After earlier court victories, student advocates sue DeVos over loan relief claims

Lawyers for student borrowers have filed a myriad of lawsuits against Betsy DeVos, the US Secretary of Education.

They successfully argued that the Department of Education should be required to enforce a 2016 Borrower Defense Rule. And they successfully blocked a plan to offer partial loan forgiveness to former students of the Corinthian College which had previously been approved for debt relief.

Now these lawyers are aiming to force the ministry’s hand on a massive backlog of claims from borrowers who say they were misled by their colleges. This week, they filed a lawsuit in a California federal court that is seeking to have the delays in deciding those claims declared unlawful.

The total number of pending applications now stands at more than 150,000 – most of them from students who have taken programs run by for-profit university chains like Corinthian, ITT Tech and DeVry. And many have been filed since 2015.

Federal law gives student borrowers who have been misled by their college the ability to argue that their federal loans should be compensated through a process called borrower defense. The Obama administration has approved nearly 30,000 borrower defense requests. But reviews slowed to a complete halt under DeVos — a development the plaintiffs say caused borrowers to default and limited their ability to make important financial decisions or even apply for jobs.

“They’ve been clear that they not only don’t have a timeline to resolve the cases. They haven’t reviewed them,” said Eileen Connor, attorney and litigation director for the Predatory Student Loans Project, which filed the lawsuit. “It’s really unfair, because these students have valid grievances.”

Connor and the attorneys arguing the case also say the delays violate the Administrative Procedure Act’s requirement that federal agencies make prompt decisions. Unlike other lawsuits against the ministry, the plaintiffs are not asking for a court ruling that the ministry should cancel borrowers’ debts. Instead, they’re asking that the Trump administration begin issuing rulings on outstanding claims.

DeVos attributed the delays to ongoing litigation over the department’s partial loan relief formula, which a judge blocked last year.

In a statement to The Washington Post this week, Liz Hill, the department’s press secretary, said, “The only thing stopping the department from finalizing thousands of these claims is the steady stream of litigation brought by ideological special interests, so-called student advocates.” .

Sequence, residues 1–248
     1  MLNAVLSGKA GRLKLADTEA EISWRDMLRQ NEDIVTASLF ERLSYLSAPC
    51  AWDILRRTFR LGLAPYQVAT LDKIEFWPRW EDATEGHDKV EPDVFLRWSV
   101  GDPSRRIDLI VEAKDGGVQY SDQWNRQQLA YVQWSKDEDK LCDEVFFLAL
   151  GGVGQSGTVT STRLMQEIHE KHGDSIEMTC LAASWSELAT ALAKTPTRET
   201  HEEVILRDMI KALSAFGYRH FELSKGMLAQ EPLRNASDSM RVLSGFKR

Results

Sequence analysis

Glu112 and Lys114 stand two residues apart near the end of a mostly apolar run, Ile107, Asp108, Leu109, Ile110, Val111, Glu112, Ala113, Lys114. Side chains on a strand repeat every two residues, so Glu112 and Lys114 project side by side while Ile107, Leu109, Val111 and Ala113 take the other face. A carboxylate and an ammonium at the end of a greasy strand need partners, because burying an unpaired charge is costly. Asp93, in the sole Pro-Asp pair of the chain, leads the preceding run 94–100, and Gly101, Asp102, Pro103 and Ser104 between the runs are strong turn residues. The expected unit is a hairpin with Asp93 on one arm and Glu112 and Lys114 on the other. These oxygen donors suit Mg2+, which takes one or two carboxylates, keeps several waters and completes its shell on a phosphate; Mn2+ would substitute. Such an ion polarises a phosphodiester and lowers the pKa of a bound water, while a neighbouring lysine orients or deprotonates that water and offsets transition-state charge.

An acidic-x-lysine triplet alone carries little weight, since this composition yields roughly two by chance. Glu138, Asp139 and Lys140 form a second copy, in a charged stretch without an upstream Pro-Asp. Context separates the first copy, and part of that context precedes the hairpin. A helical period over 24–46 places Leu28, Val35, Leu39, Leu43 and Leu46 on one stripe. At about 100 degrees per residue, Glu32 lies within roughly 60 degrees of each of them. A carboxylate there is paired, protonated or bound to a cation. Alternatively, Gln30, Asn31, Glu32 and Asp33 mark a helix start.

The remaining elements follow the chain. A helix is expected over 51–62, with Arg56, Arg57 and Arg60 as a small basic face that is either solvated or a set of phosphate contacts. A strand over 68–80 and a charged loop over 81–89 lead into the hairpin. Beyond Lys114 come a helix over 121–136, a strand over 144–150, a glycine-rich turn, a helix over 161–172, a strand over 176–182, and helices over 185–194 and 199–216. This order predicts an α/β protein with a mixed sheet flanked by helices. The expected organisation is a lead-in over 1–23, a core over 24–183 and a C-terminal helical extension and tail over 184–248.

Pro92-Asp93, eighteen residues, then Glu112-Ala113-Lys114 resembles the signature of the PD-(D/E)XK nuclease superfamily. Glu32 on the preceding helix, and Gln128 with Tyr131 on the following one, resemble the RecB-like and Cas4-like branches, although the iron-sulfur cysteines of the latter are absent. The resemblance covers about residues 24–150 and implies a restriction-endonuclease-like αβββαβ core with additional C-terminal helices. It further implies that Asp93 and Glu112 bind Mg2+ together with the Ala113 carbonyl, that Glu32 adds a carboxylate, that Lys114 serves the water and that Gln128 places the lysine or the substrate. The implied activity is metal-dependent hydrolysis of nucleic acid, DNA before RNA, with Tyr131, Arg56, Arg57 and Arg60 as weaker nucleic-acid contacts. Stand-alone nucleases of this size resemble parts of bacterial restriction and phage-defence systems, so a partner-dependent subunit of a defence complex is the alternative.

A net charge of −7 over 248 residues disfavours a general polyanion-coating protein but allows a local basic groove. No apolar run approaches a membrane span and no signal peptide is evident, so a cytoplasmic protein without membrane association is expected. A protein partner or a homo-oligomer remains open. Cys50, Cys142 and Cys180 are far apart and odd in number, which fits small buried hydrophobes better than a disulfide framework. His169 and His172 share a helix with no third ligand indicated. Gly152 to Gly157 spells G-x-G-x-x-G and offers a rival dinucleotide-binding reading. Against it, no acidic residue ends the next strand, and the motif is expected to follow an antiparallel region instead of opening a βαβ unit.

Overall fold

These arguments, Connor said, are a “total smokescreen” and do not explain the department’s inaction.

Legal battle over loan forgiveness

One of DeVos’ first actions as Education Secretary was to delay the Obama administration’s 2016 Borrower Defense Rule, which the Department of Education enacted following the shutdown. from Corinthian and the thousands of new loan forgiveness requests that followed. The rule established for the first time a uniform federal standard for borrower defense claims. But DeVos said he did not properly consider institutions’ concerns.

State attorneys general and the Predatory Lending Project sued, and a federal court ruled last year that the rule should go into effect. The decision did not lead to more decisions on borrower defense claims, however.

Federal data shows the department hasn’t approved or denied any claims for more than a year. Connor said the fight against the 2016 rule never stopped the Trump administration from taking action on thousands of previous borrower defense requests filed before July 2017, which alleged violations of the law of the State.

“The department has always had an obligation to review these requests and decide where there is a valid claim under state law,” she said.

These claims include one submitted by Alicia Davis, a former Corinthian student in Orlando. Davis, 36, completed a criminal justice program at Everest College for two years before transferring to Valencia Community College. Despite Everest’s assurances, his credits were not transferred to the new institution. And Davis alleged that Everest deceptively took out more than $20,000 in federally guaranteed loans in his name.

She eventually enrolled at the University of Central Florida, where she earned a bachelor’s and master’s degree. But his debt to Everest continued to swell. After filing for borrower defense in 2015 and again the following year, she defaulted on her loans.

“I can’t buy a car. I can’t buy a house. I’m not entitled to any of this,” she said. “It ruined me financially.”

Delinquent loans have also prevented Davis, a crime analyst with a local law enforcement agency, from applying for jobs with the federal government.

She said she received several threats from the Ministry of Education that her salary could be garnished and her tax refund offset. But Davis never received an update on the status of his application from the department, other than an acknowledgment of receipt of his application.

Other plaintiffs in the lawsuit say they delayed getting married or planning to have children because of the uncertainty surrounding their student loans.

Individual borrowers have already filed lawsuits against the ministry for delays in reviewing their claims. The department has settled a handful of those cases this year — in one case, allowing a borrower to repay student loans through bankruptcy.

Still, the lawsuit filed this week is the first time attorneys have sued the department on behalf of all borrowers with pending claims. The Predatory Student Loans Project also asked borrowers to submit affidavits online about how they were affected by the pending decision. More than 270 had submitted statements to a website as of Thursday.

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